Tarzan's Tripes Forever, and Other Feghoots

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Tom’s Nome-Grown Pun

Category: Puns

This is by “Tom Davidson”, and is posted with permission.

Once on a trip to Alaska I met two remarkable gentlemen. The fellows were born in The People’s Republic of China and had worked for many years as fishermen. One day a storm came up and blew them out to sea. They eventually landed in the port of Nome and while they were recovering from their experience in the local hospital they watched a lot of television and learned English, Inuit, and even Russian quite fluently.

These former fishermen decided to stay in the Land of Ice Milk and Honey, and asked for political asylum. Possibly because of the inflectional nature of their native Mandarin tongue, they developed quite a facility for making puns, and became quite entertaining to the citizenry.

Now, Nome is so isolated that there is a local saying “No roads lead to Nome,” which is quite true. All commerce must be done by ship or plane, as the local roads lead off into the back country, and stop in the middle of nowhere. Moreover, much of the entertainment is an indoor sport (because of the weather) and is performed on a snowshoe-string budget (Nome-grown). The crafting of puns is of course a popular thing to do in Nome, and when in Nome…

The Chinese punsters became local celebrities, and would spend hours every day in public taking suggestions from the bystanders and making the most extraordinary series of puns on subjects ranging from fish (lots of them) to trees (mostly unknown to the locals), to spices to fruit to nuts, and anything else the audience suggested, usually in multiple languages.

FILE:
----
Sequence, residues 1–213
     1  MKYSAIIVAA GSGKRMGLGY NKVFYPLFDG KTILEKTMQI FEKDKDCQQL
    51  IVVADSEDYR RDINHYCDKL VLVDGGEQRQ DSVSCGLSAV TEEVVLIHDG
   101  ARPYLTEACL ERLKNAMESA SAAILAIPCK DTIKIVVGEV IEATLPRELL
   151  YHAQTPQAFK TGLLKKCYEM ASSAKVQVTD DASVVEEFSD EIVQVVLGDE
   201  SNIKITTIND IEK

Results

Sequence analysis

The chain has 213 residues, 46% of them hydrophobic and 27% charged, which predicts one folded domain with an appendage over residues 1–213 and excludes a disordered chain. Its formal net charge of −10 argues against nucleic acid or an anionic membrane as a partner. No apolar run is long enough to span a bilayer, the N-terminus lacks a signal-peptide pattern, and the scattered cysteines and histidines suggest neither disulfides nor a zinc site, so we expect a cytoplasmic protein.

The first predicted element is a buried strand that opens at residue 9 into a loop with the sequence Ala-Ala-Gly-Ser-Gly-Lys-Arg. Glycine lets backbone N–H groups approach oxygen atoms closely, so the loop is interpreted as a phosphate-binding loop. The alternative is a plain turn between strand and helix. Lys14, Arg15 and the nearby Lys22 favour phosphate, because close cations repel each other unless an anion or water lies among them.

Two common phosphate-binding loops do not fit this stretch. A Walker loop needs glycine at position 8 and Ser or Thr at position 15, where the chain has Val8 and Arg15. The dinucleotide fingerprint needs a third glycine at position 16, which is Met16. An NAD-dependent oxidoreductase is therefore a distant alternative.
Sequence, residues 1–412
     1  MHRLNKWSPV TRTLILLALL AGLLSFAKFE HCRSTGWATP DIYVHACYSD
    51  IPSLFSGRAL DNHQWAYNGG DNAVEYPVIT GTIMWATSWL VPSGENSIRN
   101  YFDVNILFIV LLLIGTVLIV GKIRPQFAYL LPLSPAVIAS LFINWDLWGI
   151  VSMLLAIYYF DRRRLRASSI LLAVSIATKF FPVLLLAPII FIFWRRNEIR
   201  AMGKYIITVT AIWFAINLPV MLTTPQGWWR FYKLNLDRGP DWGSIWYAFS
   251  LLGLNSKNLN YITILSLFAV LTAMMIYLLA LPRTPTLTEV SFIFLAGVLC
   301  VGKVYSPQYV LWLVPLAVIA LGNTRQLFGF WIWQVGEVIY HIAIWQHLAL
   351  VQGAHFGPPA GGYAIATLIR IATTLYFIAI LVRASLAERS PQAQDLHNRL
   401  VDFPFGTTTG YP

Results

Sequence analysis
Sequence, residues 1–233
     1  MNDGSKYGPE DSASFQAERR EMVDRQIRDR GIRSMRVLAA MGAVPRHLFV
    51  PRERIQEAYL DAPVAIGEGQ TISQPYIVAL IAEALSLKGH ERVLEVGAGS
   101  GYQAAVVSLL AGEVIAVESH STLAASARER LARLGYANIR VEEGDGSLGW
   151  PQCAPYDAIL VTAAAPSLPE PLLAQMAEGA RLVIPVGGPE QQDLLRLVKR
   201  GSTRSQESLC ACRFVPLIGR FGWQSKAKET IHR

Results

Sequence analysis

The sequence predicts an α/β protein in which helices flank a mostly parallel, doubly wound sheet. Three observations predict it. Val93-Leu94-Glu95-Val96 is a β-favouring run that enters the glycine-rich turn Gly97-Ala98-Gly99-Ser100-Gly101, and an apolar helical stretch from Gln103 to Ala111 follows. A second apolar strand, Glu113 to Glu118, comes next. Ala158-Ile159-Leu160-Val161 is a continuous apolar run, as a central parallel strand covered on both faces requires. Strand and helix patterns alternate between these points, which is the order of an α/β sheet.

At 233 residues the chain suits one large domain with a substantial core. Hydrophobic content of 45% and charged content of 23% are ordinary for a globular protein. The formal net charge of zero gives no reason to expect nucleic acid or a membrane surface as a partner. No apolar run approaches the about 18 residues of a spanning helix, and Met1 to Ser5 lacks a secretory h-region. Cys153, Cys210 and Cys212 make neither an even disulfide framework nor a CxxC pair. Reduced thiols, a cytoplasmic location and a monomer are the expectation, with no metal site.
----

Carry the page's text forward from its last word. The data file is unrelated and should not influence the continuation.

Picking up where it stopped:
When I inquired about their phenomenal skills, my host pointed out “What else would you expect from a pair of Nome Asiatic?”

And when asked to explain it, Tom said, ” Look up “paranomasia” in your Funk and Wagnalls…”, and then he gave a URL to the (O. Henry) Punoff. I was so ashamed.

When I asked Tom for permission to post this pun, I received the following background information which is worth including. Tom says:

“The story is original with me. I was inspired by David Alan Coe’s “You Don’t Have to Call Me Darlin’, Darlin'”, which contains what some consider the finest lyric in C&W music: the “perfect Country Western song.” In one lyric there are references to Mom, trains, pick-up trucks, prison, and gettin’ drunk!

I was drunk the day my Ma got out of prison
So I went to pick her up in the rain
By the time I could get to the station in my pick-up truck
She got run over by a damned ol’ train

I felt I should write the perfect Feghoot, punning on the true name of all puns. Although there have been a plethora of puns on “pun”, I have never seen one on “paranomasia,” so I wrote one.”

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